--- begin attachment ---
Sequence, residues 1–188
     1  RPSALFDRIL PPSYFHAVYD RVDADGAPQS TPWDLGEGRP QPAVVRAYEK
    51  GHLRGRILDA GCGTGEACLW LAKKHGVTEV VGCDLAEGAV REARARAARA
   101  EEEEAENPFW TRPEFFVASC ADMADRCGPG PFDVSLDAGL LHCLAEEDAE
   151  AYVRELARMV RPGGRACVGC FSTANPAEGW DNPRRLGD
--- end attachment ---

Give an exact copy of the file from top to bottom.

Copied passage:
Sequence, residues 1–188
     1  RPSALFDRIL PPSYFHAVYD RVDADGAPQS TPWDLGEGRP QPAVVRAYEK
    51  GHLRGRILDA GCGTGEACLW LAKKHGVTEV VGCDLAEGAV REARARAARA
   101  EEEEAENPFW TRPEFFVASC ADMADRCGPG PFDVSLDAGL LHCLAEEDAE
   151  AYVRELARMV RPGGRACVGC FSTANPAEGW DNPRRLGD